By Jennifer Crain
At least that’s what Matthew Blegen thought when he received an email inviting his Union-based choir to anchor a performance of Handel’s Messiah at the infamous performance venue.
Blegen, the founder of Anna’s Bay Center for Music and director of the group’s Chorale, said at first he thought the email might be a joke. But six months later Chorale singers were among choristers from all over the country, standing onstage in Avery Fisher Hall under the direction of conducting heavyweight Dr. Jonathan Griffith.
Melissa “Tango” Tengowski, the Chorale’s Cabinet Chair, was one of them.
“I am proud that someone found our little Mason County choir and thought we stood out in a professional way,” she says. “It took all of a heartbeat for me to decide to go.”
The same was true for many of the singers. Blegen said he would have considered 20 singers enough to make the trip. In the end, 68 Chorale members participated, far more representatives than any other visiting choir.
But there was a lot to do before the singers and several dozen supporting community members (including a Hoodsport-based documentary crew) could board a plane. The trip was prefaced by months of fundraising efforts to create a scholarship pool and supplement the cost for all participating singers.
Members hosted dozens of events such as bake sales and car washes as well as bigger fundraisers, such as a Grease sing-along at the Skyline Theater.
In the end, over $140,000 rolled in, enough for 20 full scholarships, a few partial scholarships and a big chunk off travel costs for each of the other singers.
After a pair of red-eye flights, the group’s schedule took on a lively pace. They opened the Rockettes’ “Christmas Spectacular” show at Radio City Music Hall with a selection of carols on their first afternoon in town, an opportunity that surfaced just two weeks before the trip.
Three days of workshops followed, intensive rehearsals with Dr. Griffith to prepare for the Messiah performance.
“The assumption was that we knew the music and the notes and Dr. Griffith would be coaching us in a new way of presenting the Messiah,” says Mary Rathke, a retired truck driver who has sung with the Chorale for several years. “I feel as though I learned more about really going through a piece of choral music word by word, with special attention to diction and dynamics and absolute focus on the conductor. It was very challenging for me because it was my first year singing that work and I am not a musician and don’t really read music. It was all very intense and wonderful.”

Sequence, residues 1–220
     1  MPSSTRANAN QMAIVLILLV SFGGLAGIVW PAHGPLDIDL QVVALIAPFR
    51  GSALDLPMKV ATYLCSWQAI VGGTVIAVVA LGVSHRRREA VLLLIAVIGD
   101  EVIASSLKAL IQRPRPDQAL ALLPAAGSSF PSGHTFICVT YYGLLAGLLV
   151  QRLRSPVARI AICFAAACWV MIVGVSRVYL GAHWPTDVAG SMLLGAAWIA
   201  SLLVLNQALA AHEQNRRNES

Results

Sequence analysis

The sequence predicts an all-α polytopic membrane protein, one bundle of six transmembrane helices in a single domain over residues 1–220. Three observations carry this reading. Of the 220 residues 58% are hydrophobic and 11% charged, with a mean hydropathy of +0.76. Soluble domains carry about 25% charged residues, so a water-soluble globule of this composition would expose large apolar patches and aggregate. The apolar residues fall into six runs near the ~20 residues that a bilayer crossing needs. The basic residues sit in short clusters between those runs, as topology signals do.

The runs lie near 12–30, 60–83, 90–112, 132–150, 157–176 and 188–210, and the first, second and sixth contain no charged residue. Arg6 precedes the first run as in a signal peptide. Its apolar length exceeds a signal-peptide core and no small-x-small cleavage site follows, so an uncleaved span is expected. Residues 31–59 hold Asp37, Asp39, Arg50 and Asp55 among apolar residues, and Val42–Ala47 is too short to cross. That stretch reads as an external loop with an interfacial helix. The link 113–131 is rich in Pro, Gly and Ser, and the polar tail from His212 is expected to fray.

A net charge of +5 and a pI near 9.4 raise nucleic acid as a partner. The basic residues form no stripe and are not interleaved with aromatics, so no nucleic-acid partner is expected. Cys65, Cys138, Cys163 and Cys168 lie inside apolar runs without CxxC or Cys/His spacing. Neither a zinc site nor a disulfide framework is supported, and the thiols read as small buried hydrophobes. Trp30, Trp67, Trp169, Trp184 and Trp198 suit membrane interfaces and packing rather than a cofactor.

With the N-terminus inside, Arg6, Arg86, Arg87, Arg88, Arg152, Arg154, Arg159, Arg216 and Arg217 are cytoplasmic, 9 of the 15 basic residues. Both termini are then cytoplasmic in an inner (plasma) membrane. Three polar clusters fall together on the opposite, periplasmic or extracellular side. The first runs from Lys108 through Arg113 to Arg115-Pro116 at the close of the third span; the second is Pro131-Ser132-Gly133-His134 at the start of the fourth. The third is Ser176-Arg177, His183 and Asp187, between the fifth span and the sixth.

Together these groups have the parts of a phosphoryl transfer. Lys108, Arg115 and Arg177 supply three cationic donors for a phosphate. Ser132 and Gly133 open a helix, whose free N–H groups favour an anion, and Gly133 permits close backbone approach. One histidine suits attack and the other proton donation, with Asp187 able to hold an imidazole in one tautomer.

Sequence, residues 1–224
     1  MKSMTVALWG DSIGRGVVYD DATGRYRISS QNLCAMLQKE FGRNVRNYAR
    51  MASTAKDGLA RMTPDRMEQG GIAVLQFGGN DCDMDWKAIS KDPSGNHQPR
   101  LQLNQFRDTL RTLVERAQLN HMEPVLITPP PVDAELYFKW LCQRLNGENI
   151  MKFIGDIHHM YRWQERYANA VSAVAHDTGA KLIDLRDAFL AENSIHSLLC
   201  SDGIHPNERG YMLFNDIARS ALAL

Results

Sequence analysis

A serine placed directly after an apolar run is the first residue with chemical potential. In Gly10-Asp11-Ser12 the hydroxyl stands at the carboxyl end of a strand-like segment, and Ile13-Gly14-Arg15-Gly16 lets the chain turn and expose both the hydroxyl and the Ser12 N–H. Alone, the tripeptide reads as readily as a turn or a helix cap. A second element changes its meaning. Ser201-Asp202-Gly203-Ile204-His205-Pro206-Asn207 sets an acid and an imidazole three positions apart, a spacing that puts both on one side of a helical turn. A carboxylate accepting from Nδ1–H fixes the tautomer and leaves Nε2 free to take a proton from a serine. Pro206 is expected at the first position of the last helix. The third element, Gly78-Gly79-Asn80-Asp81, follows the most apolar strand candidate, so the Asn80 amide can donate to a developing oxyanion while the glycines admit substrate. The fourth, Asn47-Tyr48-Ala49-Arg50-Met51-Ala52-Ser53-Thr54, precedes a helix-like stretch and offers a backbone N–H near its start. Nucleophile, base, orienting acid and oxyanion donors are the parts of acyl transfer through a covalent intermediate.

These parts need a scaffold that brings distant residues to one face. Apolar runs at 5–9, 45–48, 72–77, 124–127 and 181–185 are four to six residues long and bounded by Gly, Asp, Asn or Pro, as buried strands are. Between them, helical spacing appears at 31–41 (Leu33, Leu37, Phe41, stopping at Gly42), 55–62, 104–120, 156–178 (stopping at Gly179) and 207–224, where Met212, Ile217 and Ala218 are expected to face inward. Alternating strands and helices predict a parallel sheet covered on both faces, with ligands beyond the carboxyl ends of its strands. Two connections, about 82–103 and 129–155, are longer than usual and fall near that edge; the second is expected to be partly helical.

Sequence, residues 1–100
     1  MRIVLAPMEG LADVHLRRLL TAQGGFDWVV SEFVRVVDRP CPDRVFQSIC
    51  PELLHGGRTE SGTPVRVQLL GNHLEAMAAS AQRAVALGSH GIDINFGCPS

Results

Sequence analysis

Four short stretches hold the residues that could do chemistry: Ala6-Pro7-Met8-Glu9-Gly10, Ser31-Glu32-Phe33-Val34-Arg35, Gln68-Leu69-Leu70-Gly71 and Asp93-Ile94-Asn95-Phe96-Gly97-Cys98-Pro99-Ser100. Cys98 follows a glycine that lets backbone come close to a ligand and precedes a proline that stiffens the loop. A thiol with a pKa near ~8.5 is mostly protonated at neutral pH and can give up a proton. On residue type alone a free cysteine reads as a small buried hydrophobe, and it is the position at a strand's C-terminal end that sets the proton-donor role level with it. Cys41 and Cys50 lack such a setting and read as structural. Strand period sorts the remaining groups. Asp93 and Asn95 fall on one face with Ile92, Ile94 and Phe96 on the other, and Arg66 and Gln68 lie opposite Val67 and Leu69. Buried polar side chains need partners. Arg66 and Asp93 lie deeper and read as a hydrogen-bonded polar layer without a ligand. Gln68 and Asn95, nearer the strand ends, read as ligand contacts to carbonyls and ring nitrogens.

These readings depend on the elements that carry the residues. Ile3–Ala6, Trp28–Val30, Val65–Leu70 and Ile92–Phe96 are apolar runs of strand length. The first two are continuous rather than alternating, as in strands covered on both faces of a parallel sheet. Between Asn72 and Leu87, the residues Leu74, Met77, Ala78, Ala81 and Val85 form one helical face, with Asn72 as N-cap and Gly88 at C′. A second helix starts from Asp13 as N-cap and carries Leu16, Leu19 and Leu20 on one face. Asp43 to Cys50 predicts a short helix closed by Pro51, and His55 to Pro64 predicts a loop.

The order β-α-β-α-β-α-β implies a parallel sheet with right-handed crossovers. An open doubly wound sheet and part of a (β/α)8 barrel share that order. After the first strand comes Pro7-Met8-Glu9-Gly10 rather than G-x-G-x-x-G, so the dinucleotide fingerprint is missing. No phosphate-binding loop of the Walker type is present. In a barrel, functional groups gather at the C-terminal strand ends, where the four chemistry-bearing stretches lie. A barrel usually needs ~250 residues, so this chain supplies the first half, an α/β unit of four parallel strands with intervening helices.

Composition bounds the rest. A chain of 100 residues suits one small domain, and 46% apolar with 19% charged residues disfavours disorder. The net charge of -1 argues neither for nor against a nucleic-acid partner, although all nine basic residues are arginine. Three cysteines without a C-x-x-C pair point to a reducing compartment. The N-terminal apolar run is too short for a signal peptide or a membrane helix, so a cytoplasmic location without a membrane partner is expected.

Messiah is often performed with a small number of instruments, similar to what would have been heard at its premiere performance in 1742. But this performance was the Lincoln Center premiere of a version for full orchestra, a moving and intense experience for the audience, who gave an eight-minute standing ovation, as well as the performers.
Tengowski says the highlight of her whole New York experience was “coming to tears on the last note of the ‘Amen’ in the Messiah. It was a crescendo of energy, feelings of honor and joy, that overcame me.”
Though on a larger scale than any of them could have predicted, singing together in New York functioned as part of Anna’s Bay’s mission: to build community through music. Consistent with Blegen’s community-minded vision, the Chorale is non-auditioned and open to any community member, regardless of musical experience. The result is a well-mixed intergenerational choir with singers ranging from 14 to 85 years old.
“I don’t think of us as an arts organization,” Blegen says. “I think of us as a community service organization. I really want to build the community self-esteem. Music is just the tool I have.”
The inclusive nature of Anna’s Bay, as well as its success, has turned the group into one of the area’s most treasured arts organizations, a fact recognized recently at the annual awards gala of the Shelton-Mason County Chamber of Commerce when it presented Matthew Blegen its Citizen of the Year award.
Blegen, who has a background in marketing and public relations but also a rich history as a vocal performer, started Anna’s Bay Center for Music as a way to give students in underserved schools a professional music experience. In the midst of this effort, the Chorale began as a lark. The first rehearsal attracted about 16 singers. Eight years later, the Chorale is their flagship ensemble with 60-70 active members at any one time and about 160 participants every year, including a growing number from Thurston County.
The group has been extended a standing invitation to return to New York. But for now, they’re rehearsing for a spring performance of Mozart’s Requiem, preparing to bring more music to the rural South Sound.
For more information, click here.